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“What people don’t realise is that we are counsellors,” says John Hayden, the chairman of Belvedere Football Club, standing outside a small seven-aside astroturf pitch at the East Wall Youth Club.
Belvedere FC has produced successful players who have gone on to play professionally and for Ireland. But training elite sportspeople isn’t how Hayden measures success.
“We had a young fella many years ago and his mam and dad were in prison,” he says. The young man, a talented footballer, started to get in trouble too and ended up in St Patrick’s Institution, a prison for young people.
The club applied for permission to take him out of prison for training twice a week and to play his matches on Saturdays, says Hayden. “The kid had a chance. He was a great footballer and they gave us permission to do that.”
After the player got out of prison he was recruited by a professional club in England, says Hayden. He didn’t make it as a professional footballer in the end but succeeded in making a career as a football coach.
That is a success story, says Hayden. The purpose is to give young people a pathway in life.
“You build resilience, you overcome adversity,” says Daniel Ennis, vice chairman of East Wall Bessborough FC. If it hadn’t been for getting involved in football, his own life might have gone a different road, he says.
In February, the two clubs got together to form a partnership and to create a vision for a state-of-the-art sports facility for the north inner-city and East Wall, based at the Alfie Byrne Park in Fairview.
That vision is for a shared astroturf pitch with a covered stand, a boxing club led by the Olympic boxer Emmet Brennan, changing rooms and indoor facilities for the existing motocross track, as well as a sensory playground for children with special needs.
The clubs think they can raise the €4 million they need to build it if Dublin City Council will give them a lease on the land, says Ennis.
What Is the Problem?
On a sunny Saturday morning at the East Wall Youth Club pitch on Strangford Road, 20 boys and girls aged between four and seven line out wearing their green, yellow, orange and red bibs.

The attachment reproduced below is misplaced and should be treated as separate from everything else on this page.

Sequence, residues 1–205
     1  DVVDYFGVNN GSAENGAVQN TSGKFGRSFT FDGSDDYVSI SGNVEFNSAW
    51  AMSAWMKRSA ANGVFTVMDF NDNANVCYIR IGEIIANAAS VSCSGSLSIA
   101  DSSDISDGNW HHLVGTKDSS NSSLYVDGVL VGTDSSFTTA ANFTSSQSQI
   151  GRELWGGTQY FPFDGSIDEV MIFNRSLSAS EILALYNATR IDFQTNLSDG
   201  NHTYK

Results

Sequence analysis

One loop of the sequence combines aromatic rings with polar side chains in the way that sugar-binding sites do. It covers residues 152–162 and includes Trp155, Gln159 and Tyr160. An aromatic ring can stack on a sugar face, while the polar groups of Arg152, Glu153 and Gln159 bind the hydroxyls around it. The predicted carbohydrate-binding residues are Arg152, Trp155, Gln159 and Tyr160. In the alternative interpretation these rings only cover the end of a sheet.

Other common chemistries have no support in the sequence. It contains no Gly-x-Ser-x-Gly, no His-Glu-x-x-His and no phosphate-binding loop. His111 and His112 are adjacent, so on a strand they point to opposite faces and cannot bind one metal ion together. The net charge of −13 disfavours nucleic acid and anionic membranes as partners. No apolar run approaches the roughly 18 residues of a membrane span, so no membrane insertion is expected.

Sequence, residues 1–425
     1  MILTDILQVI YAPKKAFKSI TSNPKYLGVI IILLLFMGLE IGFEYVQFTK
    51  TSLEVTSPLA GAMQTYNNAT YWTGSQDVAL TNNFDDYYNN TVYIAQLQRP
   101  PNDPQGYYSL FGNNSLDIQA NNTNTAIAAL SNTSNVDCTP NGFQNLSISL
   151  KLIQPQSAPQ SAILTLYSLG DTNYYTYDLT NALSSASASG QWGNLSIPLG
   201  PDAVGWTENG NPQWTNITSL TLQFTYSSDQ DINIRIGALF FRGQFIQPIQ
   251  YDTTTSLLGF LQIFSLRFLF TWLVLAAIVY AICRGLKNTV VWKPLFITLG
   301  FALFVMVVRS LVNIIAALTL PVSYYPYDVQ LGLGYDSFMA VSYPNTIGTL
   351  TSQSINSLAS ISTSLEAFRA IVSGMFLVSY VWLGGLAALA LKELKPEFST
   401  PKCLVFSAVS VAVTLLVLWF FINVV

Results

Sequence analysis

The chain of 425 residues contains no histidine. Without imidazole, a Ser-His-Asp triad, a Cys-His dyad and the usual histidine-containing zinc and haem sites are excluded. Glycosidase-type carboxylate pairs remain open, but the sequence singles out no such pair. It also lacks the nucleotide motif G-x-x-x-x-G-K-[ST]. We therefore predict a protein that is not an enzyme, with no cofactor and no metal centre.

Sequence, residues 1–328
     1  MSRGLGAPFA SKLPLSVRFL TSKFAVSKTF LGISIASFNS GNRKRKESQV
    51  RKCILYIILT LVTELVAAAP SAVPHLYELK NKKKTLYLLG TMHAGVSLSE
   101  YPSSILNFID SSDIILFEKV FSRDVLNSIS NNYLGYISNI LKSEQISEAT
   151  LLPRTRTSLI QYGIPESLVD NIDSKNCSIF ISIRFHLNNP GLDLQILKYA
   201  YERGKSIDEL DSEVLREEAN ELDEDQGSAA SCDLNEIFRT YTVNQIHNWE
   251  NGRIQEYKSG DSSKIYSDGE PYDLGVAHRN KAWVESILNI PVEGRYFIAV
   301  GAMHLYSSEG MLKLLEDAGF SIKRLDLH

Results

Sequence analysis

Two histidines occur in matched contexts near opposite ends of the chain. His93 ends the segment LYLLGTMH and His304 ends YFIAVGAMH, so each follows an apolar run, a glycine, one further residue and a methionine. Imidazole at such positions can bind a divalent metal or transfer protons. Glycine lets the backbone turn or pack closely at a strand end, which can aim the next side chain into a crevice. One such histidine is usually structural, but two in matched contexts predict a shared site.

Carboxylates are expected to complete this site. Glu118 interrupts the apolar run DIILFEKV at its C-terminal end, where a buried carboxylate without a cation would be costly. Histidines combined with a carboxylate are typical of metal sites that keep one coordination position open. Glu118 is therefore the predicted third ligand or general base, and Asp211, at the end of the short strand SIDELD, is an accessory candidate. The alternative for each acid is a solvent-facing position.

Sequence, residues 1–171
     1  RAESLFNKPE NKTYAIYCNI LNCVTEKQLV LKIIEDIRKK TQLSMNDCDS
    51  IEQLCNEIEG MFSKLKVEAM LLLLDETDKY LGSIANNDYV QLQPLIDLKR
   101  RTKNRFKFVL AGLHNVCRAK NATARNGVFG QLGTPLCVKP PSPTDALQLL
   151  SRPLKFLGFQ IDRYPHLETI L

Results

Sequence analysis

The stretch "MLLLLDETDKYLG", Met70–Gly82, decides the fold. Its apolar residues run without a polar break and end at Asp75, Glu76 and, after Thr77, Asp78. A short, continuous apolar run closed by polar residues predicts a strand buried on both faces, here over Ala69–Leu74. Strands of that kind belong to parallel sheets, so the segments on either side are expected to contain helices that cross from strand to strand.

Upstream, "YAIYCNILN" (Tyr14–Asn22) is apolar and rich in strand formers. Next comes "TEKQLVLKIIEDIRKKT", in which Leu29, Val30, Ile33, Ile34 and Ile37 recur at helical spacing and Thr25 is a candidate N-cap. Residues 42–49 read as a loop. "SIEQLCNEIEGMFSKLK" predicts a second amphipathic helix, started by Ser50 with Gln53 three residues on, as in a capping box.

To start the game the kids from East Wall Bessborough FC stand back to back and balance the ball between their necks until the whistle blows.
The match kicks off. There are tackles, goals and lots of balls hitting the railings around the pitch, and at the end an orderly lineup for penalty kicks. To the untrained eye, the astroturf pitch seems fine.
It’s not though, says Ennis, for several reasons. Firstly it’s a seven-a-side pitch.
Once children reach 10 years or older they will be playing with full teams of 11 players a side. It’s not big enough for that.
Even for those who are younger, this pitch is not in line with health and safety, he says, because there is no gap between the pitch and the railings.
So opposition teams can refuse to play here, he says.
East Wall Bessborough has a home pitch at Alfie Byrne Park, but most of the time they play in Kilbarrack, he says.
On their home ground at Alfie Byrne Park, “the pitch is often unplayable and we had to climb over the railings to get into it.”
The pitch was closed off because of scramblers, but that means that there is no disability access, which is totally unacceptable as the club has some disabled members, he says.
There are issues with dog fouling on that pitch too, and it’s because of all of those issues that the club has been pushing to get control of it, he says.
On top of that, when East Wall Bessborough play home games in Kilbarrack they miss out on local support, so having a proper home ground would help to build a sense of community, he says.
“You look at the GAA and what they have and I admire them,” says Hayden. “They put everything back into the community.”
The GAA are good at building a sense of community, he says. Football is different because the best players are hoping to move on to the League of Ireland or to go professional, he says.